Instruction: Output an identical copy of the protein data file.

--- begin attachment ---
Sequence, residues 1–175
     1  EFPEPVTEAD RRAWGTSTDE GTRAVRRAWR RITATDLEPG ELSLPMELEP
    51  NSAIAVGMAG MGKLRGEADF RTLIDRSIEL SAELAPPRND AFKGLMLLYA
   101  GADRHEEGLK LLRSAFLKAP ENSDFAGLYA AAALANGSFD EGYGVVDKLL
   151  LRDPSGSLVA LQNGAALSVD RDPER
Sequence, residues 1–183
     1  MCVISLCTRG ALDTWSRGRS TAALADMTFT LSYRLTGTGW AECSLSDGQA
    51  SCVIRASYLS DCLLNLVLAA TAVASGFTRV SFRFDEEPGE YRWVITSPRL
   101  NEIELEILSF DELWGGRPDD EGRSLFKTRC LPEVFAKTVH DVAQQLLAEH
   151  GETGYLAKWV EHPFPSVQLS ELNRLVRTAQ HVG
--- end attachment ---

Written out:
Sequence, residues 1–175
     1  EFPEPVTEAD RRAWGTSTDE GTRAVRRAWR RITATDLEPG ELSLPMELEP
    51  NSAIAVGMAG MGKLRGEADF RTLIDRSIEL SAELAPPRND AFKGLMLLYA
   101  GADRHEEGLK LLRSAFLKAP ENSDFAGLYA AAALANGSFD EGYGVVDKLL
   151  LRDPSGSLVA LQNGAALSVD RDPER
Sequence, residues 1–183
     1  MCVISLCTRG ALDTWSRGRS TAALADMTFT LSYRLTGTGW AECSLSDGQA
    51  SCVIRASYLS DCLLNLVLAA TAVASGFTRV SFRFDEEPGE YRWVITSPRL
   101  NEIELEILSF DELWGGRPDD EGRSLFKTRC LPEVFAKTVH DVAQQLLAEH
   151  GETGYLAKWV EHPFPSVQLS ELNRLVRTAQ HVG